Zachary Quinto is enjoying a rare moment of downtime, relaxing near the pool like many people in Los Angeles on this sunny day.
But it’s a brief respite; tomorrow begins a whirlwind tour that includes stops in Moscow, Tokyo, and Australia. The travel is to promote a little film called “Star Trek Into Darkness,” the sequel to the 2009 reboot of the franchise in which Quinto starred as half-Vulcan Spock. That film proved to be a worldwide hit and solidified Quinto’s seemingly meteoric rise from TV to movie star.
In many ways, Quinto was the perfect choice to play Spock—and not just because of the eyebrows. The actor is calm, intelligent, and yes, logical. Take his decision to move to Los Angeles instead of New York on graduation from Carnegie Mellon University in 1999. “I always thought I would live in New York; I never thought I would live in L.A.,” he says. “But we did showcases on both coasts before graduation, and L.A. just provided more interest. To be honest, I moved here because a bunch of people told me to.” Or his choice to jump into producing, forming the production company Before the Door with two friends from Carnegie Mellon and choosing as their first project the Oscar-nominated “Margin Call.” Says Quinto, “I recognized an opportunity when I got ‘Star Trek’ that I knew would not last forever. It was a window, and I needed to do something in that window to set up an infrastructure that allows me to harness its power to make work—whether for myself or other people.”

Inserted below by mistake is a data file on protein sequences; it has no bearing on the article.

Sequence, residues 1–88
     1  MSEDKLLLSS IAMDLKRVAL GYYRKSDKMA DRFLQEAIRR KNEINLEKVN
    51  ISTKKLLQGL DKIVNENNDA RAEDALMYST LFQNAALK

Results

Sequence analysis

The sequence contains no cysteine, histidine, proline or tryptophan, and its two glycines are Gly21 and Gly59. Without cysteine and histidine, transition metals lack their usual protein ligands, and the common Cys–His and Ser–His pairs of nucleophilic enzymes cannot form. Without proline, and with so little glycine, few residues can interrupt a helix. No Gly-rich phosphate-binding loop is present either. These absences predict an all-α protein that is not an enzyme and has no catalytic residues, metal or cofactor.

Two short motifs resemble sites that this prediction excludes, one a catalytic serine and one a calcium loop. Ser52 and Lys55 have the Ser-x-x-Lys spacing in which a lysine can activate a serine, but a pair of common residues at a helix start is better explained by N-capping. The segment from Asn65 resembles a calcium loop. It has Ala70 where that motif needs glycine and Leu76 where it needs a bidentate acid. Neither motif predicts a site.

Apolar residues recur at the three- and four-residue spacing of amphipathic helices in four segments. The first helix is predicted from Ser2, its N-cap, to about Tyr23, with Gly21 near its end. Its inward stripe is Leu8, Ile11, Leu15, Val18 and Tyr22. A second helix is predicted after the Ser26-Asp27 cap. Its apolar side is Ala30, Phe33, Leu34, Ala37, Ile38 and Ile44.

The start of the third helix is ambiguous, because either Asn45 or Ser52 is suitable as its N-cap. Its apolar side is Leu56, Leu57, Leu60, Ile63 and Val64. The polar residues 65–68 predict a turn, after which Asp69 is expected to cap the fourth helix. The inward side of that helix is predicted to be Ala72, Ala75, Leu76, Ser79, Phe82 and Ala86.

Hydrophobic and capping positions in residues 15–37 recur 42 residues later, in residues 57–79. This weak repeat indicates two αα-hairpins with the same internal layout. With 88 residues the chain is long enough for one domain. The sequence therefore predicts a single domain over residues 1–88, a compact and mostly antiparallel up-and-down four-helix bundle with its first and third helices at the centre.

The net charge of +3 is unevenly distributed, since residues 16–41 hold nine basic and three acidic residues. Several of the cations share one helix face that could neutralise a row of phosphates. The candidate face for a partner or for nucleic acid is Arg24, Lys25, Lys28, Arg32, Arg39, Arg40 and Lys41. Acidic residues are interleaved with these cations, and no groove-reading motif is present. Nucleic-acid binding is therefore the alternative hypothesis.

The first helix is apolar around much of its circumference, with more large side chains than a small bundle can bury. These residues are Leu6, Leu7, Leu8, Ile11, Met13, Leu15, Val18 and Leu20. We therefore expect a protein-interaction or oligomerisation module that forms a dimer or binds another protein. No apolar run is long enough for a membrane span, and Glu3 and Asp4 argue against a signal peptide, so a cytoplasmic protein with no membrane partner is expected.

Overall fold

Even the choice to pursue the role of Spock, despite his not really being a fan of the original “Star Trek” series, was a combination of media savvy and common sense. When word got out that J.J. Abrams was making the film, Quinto was riding high as bad guy Sylar on NBC’s “Heroes,” and websites began tossing around his name as the perfect choice to fill Leonard Nimoy’s pointy ears. “It made a lot of sense to me when I heard that,” he says. “I’d just started ‘Heroes,’ I was doing a lot of press, and I was getting asked about my dream project. I said I would love to play Spock, and it took on a bit of an energy of its own. I don’t know what possessed me—that usually doesn’t work.” It was enough for Abrams’ casting director, April Webster, to call Quinto in for an audition before official casting began, on his only day off from “Heroes.” According to Webster, Quinto was asked to do many more takes than is typical. “He was the very first person we saw, and we didn’t know how human or Vulcan he was supposed to be, so we had him do it all these different ways,” she notes. “But it was so clear. First of all, he looks so much like Leonard. But his range is remarkable. He could play the aloofness of the Vulcan part, but when the human part came through you saw the humanity. It’s not an easy part to play.” Webster adds that she attended Comic-Con with both Quinto and Nimoy when the casting of Spock was announced. “Susan, Leonard’s wife, was backstage waiting for them to go on, and she noticed that even when they laugh, they have a similar kind of laugh. It was an amazing moment.”